Crook Point is 1.4 miles (2.3 km) of offshore rocks, cliffs, rocky intertidal, and subtidal reefs with kelp beds, approximately 11 miles (18 km) south of Gold Beach, Oregon. The beaches and rocky shores are part of Oregon’s Ocean Shore Recreation Area. The uplands above the beach, and the offshore rocks and islands, are part of the Oregon Islands National Wildlife Refuge. Access to Crook Point is a walk of 2 miles (3.2 km) along the beach from Pistol River State Scenic Viewpoint.
Oregon Islands National Wildlife Refuge is one of six refuges comprising the Oregon Coast National Wildlife Refuge Complex. The refuge provides wilderness protection to 1,853 small islands, rocks, and reefs plus two headlands, totaling 371 acres (150 ha) and spanning 320 miles (516 km) of Oregon’s coastline from the California border to Tillamook Head.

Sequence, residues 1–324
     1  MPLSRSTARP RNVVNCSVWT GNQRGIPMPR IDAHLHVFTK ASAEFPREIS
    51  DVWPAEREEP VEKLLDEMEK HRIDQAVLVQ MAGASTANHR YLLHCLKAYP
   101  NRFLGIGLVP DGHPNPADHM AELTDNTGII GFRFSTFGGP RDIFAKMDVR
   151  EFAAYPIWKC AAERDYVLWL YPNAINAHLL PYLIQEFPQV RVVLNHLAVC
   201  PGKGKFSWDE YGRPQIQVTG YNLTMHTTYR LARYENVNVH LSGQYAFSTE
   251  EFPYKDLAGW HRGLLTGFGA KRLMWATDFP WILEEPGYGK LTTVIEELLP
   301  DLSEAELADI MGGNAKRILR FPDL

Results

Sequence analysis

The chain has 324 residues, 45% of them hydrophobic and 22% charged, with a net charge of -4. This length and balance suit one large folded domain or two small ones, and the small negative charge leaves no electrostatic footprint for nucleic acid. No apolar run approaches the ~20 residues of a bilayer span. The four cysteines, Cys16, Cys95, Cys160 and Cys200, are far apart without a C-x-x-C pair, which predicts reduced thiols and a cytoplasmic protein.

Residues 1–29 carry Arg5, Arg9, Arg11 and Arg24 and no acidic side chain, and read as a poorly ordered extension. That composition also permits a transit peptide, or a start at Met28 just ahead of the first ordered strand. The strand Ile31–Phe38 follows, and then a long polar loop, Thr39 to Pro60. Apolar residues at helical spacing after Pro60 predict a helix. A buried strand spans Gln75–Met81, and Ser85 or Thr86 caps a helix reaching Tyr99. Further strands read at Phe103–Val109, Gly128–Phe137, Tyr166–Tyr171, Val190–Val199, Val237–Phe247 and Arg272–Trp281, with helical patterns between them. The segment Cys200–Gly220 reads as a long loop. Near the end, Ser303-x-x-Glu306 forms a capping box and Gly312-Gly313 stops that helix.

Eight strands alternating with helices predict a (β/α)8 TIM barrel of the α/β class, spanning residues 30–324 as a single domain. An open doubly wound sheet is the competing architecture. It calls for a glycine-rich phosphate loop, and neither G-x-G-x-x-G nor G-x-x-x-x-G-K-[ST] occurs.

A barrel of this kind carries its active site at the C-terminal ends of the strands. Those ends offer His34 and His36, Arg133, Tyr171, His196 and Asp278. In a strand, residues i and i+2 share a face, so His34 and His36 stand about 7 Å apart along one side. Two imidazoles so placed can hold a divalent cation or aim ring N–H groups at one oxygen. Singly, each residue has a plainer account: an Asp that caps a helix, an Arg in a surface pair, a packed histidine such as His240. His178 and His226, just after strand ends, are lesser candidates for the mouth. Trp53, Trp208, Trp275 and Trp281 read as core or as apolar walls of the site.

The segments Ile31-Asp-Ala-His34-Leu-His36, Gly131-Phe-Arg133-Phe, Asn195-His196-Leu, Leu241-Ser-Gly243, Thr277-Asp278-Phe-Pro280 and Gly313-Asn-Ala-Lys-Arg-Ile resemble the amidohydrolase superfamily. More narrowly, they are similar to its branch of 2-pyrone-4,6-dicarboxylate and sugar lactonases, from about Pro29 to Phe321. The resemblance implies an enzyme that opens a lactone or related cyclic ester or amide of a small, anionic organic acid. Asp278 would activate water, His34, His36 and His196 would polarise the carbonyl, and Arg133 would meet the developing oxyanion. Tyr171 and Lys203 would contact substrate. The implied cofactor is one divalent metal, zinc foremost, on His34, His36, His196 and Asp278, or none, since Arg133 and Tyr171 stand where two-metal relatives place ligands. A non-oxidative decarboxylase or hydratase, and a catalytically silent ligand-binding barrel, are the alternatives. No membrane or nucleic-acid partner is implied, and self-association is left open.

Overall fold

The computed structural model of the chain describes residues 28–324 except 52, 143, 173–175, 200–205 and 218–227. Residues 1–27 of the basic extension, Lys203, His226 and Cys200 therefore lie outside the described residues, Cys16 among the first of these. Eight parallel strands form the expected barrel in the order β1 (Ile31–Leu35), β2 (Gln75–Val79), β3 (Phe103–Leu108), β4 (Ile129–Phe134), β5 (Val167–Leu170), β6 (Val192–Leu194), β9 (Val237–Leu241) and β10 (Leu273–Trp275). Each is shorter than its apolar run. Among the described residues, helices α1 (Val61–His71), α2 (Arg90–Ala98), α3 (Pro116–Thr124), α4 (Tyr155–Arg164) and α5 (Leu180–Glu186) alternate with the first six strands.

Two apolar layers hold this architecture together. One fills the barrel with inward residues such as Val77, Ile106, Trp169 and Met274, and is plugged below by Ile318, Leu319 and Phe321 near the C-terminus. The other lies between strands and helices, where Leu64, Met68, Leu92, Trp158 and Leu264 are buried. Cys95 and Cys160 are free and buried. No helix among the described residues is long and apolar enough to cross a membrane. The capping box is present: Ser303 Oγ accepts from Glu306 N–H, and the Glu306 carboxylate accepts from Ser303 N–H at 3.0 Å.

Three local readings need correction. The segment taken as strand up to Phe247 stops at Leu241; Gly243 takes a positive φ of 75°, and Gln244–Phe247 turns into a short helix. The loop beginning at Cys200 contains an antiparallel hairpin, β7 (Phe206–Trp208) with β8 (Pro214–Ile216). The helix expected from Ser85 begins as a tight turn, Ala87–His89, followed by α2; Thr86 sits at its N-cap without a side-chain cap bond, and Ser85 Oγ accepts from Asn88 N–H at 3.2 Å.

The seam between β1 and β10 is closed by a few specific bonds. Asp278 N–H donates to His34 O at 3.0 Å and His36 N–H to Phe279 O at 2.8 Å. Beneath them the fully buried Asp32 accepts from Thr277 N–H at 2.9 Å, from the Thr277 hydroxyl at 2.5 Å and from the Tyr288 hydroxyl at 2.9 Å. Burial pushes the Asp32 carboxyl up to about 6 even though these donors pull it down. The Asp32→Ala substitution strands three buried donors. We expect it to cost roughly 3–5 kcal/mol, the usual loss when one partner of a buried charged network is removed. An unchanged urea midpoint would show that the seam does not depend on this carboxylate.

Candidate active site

The rocks and islands off Crook Point and within the Mack Reef complex support the second-largest seabird nesting area in Oregon. Mack Arch, one of the most iconic features of the whole Oregon coast, is the largest sea arch in the state with an opening 130 feet (40 m) across. The rocks off Crook Point support 11 of the 13 seabird species that nest in Oregon with 14 colony sites containing over 200,000 birds. The rocks are also used as haul outs for seals and sea lions. The rocky intertidal habitats support a diverse array of plants and animals, including a 300-acre (121 ha) bed of bull kelp. Read more here and here. Explore more of Crook Point here: